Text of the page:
Rufford Small Grant 13880-1. Progress Report – Page
Contributions from science and social awareness for the conservation of Chaco reptiles in Argentina
Rufford Small Grant
Diversity of Chaco reptiles is probably underestimated due to the paucity of systematic samplings. Along with the high deforestation rates threatening reptile habitats in the Chaco, people from small urban/rural towns and villages usually kill them because of fear or aversion. In this project we intend to contribute to Chaco reptiles’ conservation in two ways: by increasing scientific data on reptile diversity, abundance and distribution, and also by improving the popular knowledge to relief the pressure on reptiles, to decrease the incidence of bad practices in case of accidents, and to increase the chances of surviving accidents with poisonous snakes.
Status: At schedule
We bought the basic equipment to set trap arrays for sampling reptiles, in two localities. Between November 2013 and March 2014 we sampled one site at Sierra Chaco in Córdoba (central Argentina), and one site at Humid Chaco in Formosa, northern Argentina. This was the first time traps were used to sample herpetofauna in those sub-ecoregions.
The first sampling was conducted in the Humid Chaco of the province of Formosa from November/2013 to march/2014. Trap arrays used were highly effective to capture both reptiles and amphibians (not included in the original proposal). In this fieldtrip we captured eight lizard species, one amphisbaenid and ten snake species (Table 1), and 29 amphibian species (Table 2). The most common species are shown in Figure 1.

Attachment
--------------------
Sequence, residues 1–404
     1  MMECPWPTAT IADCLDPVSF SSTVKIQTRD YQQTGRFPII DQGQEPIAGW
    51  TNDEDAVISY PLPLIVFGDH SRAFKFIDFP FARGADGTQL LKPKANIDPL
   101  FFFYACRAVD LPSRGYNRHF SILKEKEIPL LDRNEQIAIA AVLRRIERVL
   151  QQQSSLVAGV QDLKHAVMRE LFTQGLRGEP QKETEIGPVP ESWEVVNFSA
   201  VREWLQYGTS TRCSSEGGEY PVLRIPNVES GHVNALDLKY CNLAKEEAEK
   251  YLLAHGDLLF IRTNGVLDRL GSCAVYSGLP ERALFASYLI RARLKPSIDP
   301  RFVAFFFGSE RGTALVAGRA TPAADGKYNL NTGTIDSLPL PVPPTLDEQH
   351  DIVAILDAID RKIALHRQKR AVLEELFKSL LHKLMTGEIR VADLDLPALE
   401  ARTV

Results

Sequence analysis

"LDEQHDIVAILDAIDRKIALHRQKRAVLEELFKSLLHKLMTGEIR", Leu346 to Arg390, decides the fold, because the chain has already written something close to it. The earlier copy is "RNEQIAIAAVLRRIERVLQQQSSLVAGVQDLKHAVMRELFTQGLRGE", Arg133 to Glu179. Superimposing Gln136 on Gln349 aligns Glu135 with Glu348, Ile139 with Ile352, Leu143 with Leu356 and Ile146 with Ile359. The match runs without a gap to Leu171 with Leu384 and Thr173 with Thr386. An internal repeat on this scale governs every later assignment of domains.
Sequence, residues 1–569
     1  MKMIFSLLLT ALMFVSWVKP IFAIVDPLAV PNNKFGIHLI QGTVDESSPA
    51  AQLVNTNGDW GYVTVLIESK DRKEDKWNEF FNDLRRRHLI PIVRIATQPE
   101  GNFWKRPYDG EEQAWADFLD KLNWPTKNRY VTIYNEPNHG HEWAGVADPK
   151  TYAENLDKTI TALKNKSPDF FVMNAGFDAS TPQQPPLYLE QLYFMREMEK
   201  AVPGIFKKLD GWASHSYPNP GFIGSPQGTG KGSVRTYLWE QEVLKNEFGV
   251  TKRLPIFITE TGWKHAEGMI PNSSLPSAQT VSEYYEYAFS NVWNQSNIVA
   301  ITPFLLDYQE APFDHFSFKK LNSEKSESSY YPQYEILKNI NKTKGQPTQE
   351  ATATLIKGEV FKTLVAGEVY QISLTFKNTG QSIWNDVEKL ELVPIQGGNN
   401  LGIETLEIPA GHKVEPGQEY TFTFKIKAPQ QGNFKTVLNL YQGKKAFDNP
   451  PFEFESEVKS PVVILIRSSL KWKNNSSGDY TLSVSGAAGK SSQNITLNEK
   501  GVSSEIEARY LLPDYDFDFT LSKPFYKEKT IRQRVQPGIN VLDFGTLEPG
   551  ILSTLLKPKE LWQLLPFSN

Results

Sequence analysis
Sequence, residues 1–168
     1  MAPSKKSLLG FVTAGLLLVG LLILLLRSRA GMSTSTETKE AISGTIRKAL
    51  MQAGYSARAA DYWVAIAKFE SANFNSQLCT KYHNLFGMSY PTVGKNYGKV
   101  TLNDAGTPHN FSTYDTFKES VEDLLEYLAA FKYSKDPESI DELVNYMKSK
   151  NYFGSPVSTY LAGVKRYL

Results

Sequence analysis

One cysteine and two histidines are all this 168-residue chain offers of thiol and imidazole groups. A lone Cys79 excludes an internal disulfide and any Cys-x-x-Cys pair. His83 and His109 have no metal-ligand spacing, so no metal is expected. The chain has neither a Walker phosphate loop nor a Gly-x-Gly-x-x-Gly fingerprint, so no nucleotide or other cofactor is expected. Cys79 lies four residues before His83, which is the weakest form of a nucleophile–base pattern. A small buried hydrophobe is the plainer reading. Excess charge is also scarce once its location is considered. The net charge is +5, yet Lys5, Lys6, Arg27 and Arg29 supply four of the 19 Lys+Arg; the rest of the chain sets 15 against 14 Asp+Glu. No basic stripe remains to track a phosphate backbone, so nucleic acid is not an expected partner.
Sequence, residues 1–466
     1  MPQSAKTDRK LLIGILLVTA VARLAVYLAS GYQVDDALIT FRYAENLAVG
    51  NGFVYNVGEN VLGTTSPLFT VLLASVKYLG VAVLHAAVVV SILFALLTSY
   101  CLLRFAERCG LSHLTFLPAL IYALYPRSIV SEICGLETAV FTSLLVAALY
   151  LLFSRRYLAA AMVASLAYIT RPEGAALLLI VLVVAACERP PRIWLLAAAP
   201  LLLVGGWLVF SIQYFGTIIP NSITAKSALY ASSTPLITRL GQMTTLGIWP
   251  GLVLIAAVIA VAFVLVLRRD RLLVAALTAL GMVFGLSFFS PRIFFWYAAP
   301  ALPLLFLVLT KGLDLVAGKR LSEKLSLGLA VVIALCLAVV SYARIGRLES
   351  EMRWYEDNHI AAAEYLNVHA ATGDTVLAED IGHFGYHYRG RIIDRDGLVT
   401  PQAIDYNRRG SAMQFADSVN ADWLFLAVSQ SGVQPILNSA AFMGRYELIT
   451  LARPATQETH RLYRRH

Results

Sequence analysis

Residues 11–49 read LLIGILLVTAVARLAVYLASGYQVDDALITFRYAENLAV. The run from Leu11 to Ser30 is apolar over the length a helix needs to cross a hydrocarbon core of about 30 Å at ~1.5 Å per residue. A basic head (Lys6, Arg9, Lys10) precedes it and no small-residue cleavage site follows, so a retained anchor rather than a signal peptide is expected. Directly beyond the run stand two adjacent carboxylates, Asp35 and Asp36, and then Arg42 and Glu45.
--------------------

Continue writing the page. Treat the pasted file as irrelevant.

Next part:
Of the species captured, one lizard of the genus Teius is probably a new, undescribed species. Along with this, we reported the first record of the genus Chiasmocleis for Argentina, with the probable addition of one Physalaemus species for the herpetofauna of the Chaco.
In the second fieldtrip we sampled one locality at Sierra Chaco, in a recently created Natural Reserve (Reserva Privada Los Chorrillos), testing the efficiency of two models of funnel traps to be used in combination with drift fences. These traps will allow us to sample other localities of the Sierra Chaco more effectively. During our sampling at Los Chorrillos we captured five lizard species (and recorded two more through observation), five snake species, one amphisbaenid, and eight amphibian species (Table 3).
The funnel traps used were effective and will be used in future samplings where the use of pitfall traps is not possible. In the next summer we expect to sample more localities of the Sierra Chaco using this methodology combined with active searching techniques.
The results of both samplings were reported to governmental agencies of the provinces of Formosa and Córdoba, and to the authorities of Reserva Privada Los Chorrillos. In our educational activities we will work in collaboration with personnel of the Reserve to promote the conservation of native herpetofauna to visitors, schools and authorities of neighbor cities. We are creating printed material and we will use internet and digital material to promote the results of our project to larger areas.
We've created a web page of the project within the Lab's site at http://pelegrinnicolas.wix.com/lecoherp where we will show the progress of this study and will promote the activities to be carried on in the future.
Table 1: List of reptiles captured in the Humid Chaco.
Lizards (9 species)
Snakes (10 species)
Erythrolamprus aff. miliaris orinus
Erythrolamprus poecilogyrus caessius
Phalotris aff tricolor
Chironius quadricarinatus maculoventris
Table 2: List of amphibians captured in the Humid Chaco.
Amphibians (39 species)
Dendropsophus aff. sanborni
Physalaemus aff. nattereri
Table 3: List of species captured in the Sierra Chaco.
Figure 1. Most common reptile species captured in the Humid Chaco of Formosa, Argentina. References :A.- Ameiva ameiva, B.- Teius teyou, C.- Thyplops brongesmianus, D.- Epictia poecillogyrus caesius, E.- Notomabuya frenata. Credits: Nicolás Pelegrin
Figure 2: Most common reptile species captured in the Sierra Chaco of Córdoba, Argentina. References: A.- Bothrops diporus, B.- Micrurus pyrrhocryptus, C.- Tropidurus spinulosus, D.- Homonota fasciata. Credits: Nicolás Pelegrin.